"The tragic reality is that very few sustainable systems are designed or applied by those who hold power, and the reason for this is obvious and simple: to let people arrange their own food, energy and shelter is to lose economic and political control over them. We should cease to look to power structures, hierarchical systems, or governments to help us, and devise ways to help ourselves." - Bill Mollison

Friday, June 26, 2009

Gone To Seed

Due to the dramatic fluctuations in temperature this spring a few of our biennial plants have bolted prematurely this year, fortunately it has only been a few. This has allowed me the opportunity to watch a purple kohlrabi attempt to form a seed head, a first in our garden as I have never really tried to save seed from this type of brassica before. I thought it had a most interesting flower. The rest of our summer kohlrabi are forming nice little bulbs and those for winter storage were just planted this past week.

This is easily one of our favorite vegetables, nothing beats the flavor of fresh, raw kohlrabi grated over a summer salad. They store remarkably well and can be used for forced greens as well as the bulb in the winter months.


randi said...

glad you posted this, I'm trying to grow a few kohlrabi for the first time and am pretty clueless...as ever, you're timing is impeccable!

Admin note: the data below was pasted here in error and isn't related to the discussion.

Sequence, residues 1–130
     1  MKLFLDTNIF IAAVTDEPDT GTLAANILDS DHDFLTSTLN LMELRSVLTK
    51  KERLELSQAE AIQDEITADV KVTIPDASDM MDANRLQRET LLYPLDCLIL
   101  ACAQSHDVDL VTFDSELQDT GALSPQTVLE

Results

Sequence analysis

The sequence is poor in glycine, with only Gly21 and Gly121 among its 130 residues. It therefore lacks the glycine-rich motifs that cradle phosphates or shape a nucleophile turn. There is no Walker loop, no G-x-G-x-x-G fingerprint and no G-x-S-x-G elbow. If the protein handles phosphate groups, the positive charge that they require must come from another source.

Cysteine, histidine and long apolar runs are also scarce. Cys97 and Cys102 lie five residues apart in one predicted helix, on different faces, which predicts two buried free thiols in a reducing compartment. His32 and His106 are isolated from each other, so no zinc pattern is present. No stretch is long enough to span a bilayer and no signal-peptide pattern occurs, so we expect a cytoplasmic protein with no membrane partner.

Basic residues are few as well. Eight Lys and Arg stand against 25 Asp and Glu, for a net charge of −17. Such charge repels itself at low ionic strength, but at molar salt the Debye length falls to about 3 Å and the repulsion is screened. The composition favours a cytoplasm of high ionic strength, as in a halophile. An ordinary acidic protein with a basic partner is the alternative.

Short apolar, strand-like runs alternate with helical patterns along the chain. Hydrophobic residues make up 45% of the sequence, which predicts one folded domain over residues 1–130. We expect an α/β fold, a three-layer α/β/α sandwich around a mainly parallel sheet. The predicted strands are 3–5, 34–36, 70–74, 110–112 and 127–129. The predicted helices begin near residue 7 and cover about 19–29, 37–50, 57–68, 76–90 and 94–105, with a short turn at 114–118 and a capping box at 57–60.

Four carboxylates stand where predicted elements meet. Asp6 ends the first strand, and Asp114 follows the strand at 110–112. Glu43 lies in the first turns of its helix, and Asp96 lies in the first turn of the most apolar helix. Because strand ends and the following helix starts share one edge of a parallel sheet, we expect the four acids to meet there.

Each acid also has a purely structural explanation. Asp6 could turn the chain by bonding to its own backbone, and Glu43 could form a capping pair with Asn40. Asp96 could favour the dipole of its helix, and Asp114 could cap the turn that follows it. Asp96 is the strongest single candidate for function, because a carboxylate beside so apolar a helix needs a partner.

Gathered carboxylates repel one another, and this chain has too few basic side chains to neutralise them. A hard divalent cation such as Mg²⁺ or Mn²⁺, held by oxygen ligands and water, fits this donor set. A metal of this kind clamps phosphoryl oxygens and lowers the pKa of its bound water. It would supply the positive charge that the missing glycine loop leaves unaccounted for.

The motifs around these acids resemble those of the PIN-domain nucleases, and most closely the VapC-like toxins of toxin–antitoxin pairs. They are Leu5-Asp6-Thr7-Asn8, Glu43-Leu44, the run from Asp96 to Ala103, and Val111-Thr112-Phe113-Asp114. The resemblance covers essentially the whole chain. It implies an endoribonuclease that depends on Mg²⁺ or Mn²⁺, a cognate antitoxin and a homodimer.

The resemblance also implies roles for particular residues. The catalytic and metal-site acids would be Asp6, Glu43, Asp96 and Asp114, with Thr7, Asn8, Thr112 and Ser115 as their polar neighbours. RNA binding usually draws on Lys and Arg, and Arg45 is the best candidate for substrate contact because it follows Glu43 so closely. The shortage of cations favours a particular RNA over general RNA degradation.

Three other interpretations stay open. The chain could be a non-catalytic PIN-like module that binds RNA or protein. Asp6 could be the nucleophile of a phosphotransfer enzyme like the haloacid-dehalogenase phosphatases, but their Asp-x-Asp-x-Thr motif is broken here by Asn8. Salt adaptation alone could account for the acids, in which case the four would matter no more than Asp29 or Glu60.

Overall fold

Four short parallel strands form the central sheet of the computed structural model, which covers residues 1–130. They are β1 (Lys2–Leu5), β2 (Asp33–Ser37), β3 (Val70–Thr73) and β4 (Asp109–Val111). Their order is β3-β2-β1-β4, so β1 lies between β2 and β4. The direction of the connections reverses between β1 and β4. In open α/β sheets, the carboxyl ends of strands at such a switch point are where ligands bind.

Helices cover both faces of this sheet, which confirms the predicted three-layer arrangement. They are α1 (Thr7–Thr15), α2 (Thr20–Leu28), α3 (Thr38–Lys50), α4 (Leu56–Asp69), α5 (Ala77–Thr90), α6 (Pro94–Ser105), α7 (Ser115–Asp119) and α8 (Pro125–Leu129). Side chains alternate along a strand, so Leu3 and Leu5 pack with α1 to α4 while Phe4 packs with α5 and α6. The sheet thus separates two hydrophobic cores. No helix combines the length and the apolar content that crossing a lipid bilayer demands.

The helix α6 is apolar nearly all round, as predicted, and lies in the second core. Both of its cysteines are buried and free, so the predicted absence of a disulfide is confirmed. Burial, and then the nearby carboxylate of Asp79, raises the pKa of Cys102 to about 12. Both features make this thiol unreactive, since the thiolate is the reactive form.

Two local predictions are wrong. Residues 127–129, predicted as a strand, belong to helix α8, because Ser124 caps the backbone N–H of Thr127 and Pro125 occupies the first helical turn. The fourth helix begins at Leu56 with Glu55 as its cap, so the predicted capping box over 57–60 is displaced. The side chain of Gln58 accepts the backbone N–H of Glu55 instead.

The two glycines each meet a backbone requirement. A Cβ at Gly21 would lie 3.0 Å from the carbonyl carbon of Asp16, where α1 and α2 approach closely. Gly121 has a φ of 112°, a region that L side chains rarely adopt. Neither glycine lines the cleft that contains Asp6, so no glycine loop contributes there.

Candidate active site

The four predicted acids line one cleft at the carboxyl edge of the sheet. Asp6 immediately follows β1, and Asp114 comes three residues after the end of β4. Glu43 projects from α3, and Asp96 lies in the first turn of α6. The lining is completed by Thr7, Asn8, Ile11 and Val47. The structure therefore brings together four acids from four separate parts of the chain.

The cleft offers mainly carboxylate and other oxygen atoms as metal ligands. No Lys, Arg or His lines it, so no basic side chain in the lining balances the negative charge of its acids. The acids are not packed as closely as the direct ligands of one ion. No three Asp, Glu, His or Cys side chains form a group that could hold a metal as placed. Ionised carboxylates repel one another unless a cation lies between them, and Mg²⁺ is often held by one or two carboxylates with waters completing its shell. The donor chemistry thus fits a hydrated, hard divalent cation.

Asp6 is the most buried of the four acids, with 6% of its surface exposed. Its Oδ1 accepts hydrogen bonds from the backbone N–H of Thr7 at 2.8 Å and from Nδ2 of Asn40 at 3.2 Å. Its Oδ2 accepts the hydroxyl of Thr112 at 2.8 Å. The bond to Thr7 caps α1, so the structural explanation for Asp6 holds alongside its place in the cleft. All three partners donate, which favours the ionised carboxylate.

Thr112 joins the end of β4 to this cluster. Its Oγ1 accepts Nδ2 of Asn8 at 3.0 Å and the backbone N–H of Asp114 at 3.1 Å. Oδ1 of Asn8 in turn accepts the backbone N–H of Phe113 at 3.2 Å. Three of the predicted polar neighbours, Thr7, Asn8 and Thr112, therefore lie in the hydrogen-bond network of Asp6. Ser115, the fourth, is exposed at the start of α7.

el said...

The first winter I had a greenhouse I mistakenly planted some purple kohlrabi in a bed. I say "mistakenly" because it was October and any brassica that gets hit with the cold will bolt, and these did. However, we ate the greens and blossoms all winter so it wasn't a loss at all!

Kohlrabi and fennel are two plants I wait until July to plant. I've just found all varieties of kohlrabi get too tough and bitter as spring-planted seeds, and fennel bolts too quickly. Both seem to appreciate a cool fall to bulb up, though!

But I agree with you Mike: I love them fresh, either chopped or grated.

Silke said...

Mike, you are giving me yet another trip down memory lane... While we never had raw kohlrabi growing up, we very often ate it as a cooked vegetables. My favorite of all was when my mom would cut it into little matchsticks and then prepare it with a light cream sauce. Every time I could have eaten the whole bowl by myself! I've often regretted that I never found out how my mother prepared some of my favorite dishes... Your Kohlrabi look delicious! Enjoy them! :) Silke

Stefaneener said...

For some reason, I thought this was a comment on us all aging. The weather has been all over the place here. Thanks for the reminder, and el, I'm going to copy you and seed some very soon.

Mr. H said...